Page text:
A bug sized robot is not that useful unless you can fit a camera on it, and creating an efficient camera that small is not easy. However, robotics from the University of Washington, Seattle, have figured out a way to do so.
Scientists at the University of Washington have managed to create the world’s smallest, wireless, steerable action video camera that is small enough to fit on a microbot or even a live bug.
The research team lead by Shyam Gollakota, professor of computer science and engineering, nearly had to start from scratch. This is because current generation cameras are highly dependant by power availability. Even the smallest swallowable pill camera requires a 1 gram battery that can power it for an hour and a half.
The team used an off the shelf ultra-low-power image sensor that is only 2.3 mm wide and weighs just 6.7 mg. This was combined with a minuscule Bluetooth 5.0 chip (3 mm wide, 6.8 mg), a 20mg lens, and an antenna with a 5mm wire. An accelerometer proved to be useful so that the camera does not capture pointless images if the robot or bug is not moving.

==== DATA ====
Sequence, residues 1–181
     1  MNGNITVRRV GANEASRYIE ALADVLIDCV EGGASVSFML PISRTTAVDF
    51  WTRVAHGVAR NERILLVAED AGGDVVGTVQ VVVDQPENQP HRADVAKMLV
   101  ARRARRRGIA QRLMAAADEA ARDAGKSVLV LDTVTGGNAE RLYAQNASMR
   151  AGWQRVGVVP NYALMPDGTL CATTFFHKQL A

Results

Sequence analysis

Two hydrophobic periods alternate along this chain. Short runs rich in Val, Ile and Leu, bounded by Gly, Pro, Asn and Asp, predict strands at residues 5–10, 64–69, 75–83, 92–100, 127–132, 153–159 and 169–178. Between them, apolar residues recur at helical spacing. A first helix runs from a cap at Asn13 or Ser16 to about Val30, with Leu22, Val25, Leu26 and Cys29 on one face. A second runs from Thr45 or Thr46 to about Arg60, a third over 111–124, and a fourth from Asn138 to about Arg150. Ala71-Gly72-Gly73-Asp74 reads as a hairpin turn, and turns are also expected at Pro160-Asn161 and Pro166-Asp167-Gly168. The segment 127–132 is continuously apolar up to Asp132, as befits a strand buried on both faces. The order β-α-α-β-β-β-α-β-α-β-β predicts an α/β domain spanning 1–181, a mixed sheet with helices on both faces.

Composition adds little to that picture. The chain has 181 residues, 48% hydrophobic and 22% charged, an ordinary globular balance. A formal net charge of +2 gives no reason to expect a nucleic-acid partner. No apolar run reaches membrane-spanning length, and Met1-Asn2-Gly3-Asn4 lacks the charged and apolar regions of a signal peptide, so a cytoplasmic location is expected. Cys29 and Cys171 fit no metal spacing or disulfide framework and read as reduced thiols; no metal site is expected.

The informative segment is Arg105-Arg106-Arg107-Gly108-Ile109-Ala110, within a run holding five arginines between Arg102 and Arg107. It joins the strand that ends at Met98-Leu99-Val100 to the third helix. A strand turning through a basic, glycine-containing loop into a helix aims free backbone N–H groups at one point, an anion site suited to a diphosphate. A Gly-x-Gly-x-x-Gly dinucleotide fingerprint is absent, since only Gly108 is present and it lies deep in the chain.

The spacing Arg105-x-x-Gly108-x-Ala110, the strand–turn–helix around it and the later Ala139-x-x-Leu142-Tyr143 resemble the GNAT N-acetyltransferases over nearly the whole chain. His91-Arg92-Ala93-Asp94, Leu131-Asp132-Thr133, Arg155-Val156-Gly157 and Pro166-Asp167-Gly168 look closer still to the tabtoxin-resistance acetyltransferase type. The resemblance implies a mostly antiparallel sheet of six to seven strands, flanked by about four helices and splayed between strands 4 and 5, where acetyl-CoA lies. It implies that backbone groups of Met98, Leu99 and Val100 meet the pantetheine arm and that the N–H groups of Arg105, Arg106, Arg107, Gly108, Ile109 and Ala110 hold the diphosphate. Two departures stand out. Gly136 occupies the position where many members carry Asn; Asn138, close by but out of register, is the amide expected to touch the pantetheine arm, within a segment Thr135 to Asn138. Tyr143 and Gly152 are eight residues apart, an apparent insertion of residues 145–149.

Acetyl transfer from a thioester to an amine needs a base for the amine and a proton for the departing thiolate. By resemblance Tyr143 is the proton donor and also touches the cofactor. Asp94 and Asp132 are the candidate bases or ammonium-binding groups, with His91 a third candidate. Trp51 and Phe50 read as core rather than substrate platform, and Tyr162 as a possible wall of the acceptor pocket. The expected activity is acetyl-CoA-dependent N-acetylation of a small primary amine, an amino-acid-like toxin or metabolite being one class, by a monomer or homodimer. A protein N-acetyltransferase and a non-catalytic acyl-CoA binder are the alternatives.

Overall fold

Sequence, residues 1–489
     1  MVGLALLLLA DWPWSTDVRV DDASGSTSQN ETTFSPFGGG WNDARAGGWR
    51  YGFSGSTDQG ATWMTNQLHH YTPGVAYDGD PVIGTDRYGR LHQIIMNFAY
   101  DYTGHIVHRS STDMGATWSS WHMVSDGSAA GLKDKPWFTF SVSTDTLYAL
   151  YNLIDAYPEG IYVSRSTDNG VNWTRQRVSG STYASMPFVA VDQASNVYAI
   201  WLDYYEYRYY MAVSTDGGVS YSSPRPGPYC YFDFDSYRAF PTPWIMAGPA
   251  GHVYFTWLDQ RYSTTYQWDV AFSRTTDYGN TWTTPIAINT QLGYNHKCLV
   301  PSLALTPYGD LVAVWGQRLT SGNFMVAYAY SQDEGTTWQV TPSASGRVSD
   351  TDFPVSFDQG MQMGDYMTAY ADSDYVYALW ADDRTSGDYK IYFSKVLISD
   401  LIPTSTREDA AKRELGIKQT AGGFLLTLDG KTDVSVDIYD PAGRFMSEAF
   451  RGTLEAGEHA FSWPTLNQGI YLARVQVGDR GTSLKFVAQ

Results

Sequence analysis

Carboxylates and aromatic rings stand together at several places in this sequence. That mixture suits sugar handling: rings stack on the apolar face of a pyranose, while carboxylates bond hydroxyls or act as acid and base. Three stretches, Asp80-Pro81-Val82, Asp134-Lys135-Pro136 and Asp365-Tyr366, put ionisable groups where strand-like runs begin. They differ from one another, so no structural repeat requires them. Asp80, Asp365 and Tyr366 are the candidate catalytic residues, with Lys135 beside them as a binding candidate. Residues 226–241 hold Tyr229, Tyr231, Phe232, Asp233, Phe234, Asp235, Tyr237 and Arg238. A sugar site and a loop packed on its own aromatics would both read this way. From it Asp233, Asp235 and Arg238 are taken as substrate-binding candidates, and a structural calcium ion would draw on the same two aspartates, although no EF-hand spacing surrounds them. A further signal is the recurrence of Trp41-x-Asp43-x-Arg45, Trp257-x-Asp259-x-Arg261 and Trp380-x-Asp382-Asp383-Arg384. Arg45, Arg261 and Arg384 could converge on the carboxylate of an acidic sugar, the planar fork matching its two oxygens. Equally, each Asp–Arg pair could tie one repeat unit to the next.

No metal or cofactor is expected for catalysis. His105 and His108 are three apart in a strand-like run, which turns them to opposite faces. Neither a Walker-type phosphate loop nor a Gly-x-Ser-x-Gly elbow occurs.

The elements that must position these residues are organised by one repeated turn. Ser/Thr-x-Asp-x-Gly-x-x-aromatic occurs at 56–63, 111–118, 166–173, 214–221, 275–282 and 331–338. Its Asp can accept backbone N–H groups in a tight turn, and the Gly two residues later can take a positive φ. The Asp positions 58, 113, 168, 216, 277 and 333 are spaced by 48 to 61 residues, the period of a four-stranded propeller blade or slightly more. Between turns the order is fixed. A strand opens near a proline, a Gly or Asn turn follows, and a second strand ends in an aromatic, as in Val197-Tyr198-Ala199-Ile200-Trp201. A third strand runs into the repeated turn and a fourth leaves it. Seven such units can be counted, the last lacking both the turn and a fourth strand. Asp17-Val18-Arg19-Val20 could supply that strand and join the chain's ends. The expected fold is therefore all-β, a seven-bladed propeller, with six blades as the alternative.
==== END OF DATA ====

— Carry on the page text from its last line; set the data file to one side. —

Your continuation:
Finally, a mechanically steerable “head” was added to the tiny machine that brought up the total weight of the camera to 84mg.
The camera can stream video (160×120 pixels, monochrome) at 5 frames per second to a smartphone up to 120 meters away while the 10 mAh battery can keep it going for 6 hours. It can work in low light conditions and since it is steerable, it can capture panoramas as well. This was successfully tested on a pair of darkling beetles and different types of mini-robots.
However, this is only the beginning as researchers say that the camera can be scaled down even further and the battery can be replaced with a solar cell to cut down power requirements.
We recommend watching the video included above to see the camera in action.